The passuk states “וירא אליו ה’ באלוני ממרא, and Hashem appeared to him – Avraham, in the plains of Mamrey.” Rashi explains the reason why Hashem came was to be me’vaker Avraham who was sick because of his circumcision. Rebi Chama says it was on the 3rd day after his circumcision, and Hashem came to ask how he was feeling. The Peirush HaRosh points out that the passuk states וירא, and Hashem appeared to Avraham, but it does not mention that Hashem said or told anything to him. This teaches proper ethics for one who is me’vaker a sick person. A person should be me’vaker a sick person even if he won’t end up talking to him, for example when he is found to be sleeping. The sick person will feel good when he is told by others that so and so came to visit him, and it will produce a pleasant feeling and give chizuk that someone came to visit.
A relative of mine was once hit by a car, and after much time in the hospital she was discharged to rehab. The place was far away from where I lived, so I took a long bus-ride to visit, and walked quite a while to reach the home. I ask the secretary at the desk which room to go to, and she responds, “This patient is not taking visitors.” I thought to myself, should I try to convince the secretary to visit, after all the effort I put in to shlep out there? I decided, if it was not helpful to the sick person, there is no need. I did not come to visit for myself, rather for my relative. When she’ll find out that I came to visit she’ll feel good; it will be beneficial.
What does it mean to be “me’vaker” a sick person? Simply we understand, as one who comes to visit a sick person. The Maharsha brings b’shem Rashi another explanation, it means to look and check into and remember. The Radak adds, this is as it states, “לא יבקר הכהן, the Kohen should not seek and check out” the color of the leprosy to see whether it stayed the same or changed. So too, when one comes to visit a sick person, he should check into the whereabouts of the sick person and see how he could be of help. This causes the patient to feel good, people care about his difficult situation and it gives hope; people are interested in assisting him. The Gemara brings: one of Rebi Akiva’s students became sick and the Chachomim did not go to visit him. Rebi Akiva himself went to visit, and they swept the floor and laid down the dirt before the sick person. He got better and lived. The Peirush HaRosh explains, Rebi Akiva commanded them to sweep and lay down the dirt. The Meiri brings that Rebi Akiva himself swept and laid down the dust. The student said to Rebi Akiva, “You caused me to live!” Rebi Akiva went out and darshined, “whoever is not me’vaker a sick person is as though he kills him.” The Peirush HaRosh explains: they fixed up the floor because when one comes to visit a sick person, he checks into all his needs. The Meiri adds, it brings pleasure and a good feeling for the sick person and causes him to live.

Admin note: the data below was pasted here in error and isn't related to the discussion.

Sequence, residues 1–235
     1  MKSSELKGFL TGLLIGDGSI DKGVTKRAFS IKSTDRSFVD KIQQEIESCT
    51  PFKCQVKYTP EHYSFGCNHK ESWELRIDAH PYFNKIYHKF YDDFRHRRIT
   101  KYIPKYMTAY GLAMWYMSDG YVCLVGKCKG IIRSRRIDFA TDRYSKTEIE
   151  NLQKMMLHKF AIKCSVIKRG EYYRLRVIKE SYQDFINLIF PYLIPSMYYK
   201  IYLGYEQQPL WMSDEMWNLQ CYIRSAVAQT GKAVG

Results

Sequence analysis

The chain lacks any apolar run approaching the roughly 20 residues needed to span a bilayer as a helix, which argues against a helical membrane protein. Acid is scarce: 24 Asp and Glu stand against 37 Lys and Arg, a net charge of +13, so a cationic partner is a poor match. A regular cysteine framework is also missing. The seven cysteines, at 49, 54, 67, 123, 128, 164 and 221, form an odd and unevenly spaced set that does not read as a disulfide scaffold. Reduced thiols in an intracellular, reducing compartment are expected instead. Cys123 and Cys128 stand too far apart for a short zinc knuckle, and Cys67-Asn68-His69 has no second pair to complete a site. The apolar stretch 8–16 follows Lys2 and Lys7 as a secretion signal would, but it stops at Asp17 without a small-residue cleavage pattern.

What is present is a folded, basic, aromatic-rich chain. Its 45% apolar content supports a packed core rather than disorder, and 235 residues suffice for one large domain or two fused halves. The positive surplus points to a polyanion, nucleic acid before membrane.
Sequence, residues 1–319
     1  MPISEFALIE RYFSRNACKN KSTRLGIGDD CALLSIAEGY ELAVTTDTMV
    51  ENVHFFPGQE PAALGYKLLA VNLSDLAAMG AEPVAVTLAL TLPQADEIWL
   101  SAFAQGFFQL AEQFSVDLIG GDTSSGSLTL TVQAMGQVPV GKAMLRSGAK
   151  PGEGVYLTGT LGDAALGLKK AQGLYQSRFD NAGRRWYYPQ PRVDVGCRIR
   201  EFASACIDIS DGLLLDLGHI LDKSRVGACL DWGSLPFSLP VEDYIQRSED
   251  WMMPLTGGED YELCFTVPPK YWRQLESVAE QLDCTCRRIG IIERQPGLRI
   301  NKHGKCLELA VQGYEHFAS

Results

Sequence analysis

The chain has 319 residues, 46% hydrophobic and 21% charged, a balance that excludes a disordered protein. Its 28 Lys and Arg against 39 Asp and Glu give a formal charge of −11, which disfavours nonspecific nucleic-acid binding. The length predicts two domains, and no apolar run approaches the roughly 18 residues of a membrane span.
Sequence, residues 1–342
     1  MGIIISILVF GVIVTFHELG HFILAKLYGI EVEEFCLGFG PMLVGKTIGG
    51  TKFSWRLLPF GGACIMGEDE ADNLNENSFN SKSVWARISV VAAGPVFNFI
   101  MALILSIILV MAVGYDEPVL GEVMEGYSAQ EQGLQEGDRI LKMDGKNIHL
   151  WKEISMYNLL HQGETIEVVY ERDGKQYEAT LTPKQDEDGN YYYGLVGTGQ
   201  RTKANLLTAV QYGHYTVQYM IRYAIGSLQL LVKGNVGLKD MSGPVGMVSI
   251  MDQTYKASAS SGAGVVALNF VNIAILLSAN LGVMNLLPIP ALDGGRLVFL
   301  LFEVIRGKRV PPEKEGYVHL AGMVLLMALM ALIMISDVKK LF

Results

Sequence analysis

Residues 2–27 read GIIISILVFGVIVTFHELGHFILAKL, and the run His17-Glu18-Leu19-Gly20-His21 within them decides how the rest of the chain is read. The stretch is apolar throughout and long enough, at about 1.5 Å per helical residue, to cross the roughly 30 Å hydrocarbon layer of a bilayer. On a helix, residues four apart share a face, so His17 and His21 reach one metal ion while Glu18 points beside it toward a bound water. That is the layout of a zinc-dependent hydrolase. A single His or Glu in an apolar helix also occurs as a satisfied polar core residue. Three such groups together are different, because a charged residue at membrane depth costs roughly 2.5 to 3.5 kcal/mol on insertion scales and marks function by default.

The Gemara brings: Rav Dimi said, if one is not me’vaker choleh, then he won’t daven for the person’s health to return and he will not help him live. The Peirush HaRosh explains, it is very bad to not visit a sick person, because someone who visits will see his difficult situation and daven for him. It is possible that it would have been at a time that Hashem would accept his davening and heal him. If so by holding back from visiting it might cause death. The Rama brings: whoever visits a sick person and doesn’t ask for mercy from Hashem, he did not fulfill this mitzva. This seems that the main purpose of visiting the sick is to help cure him by davening.
Let us perform the mitzva of bikur cholim and merit to bring cures for the sick to continue living.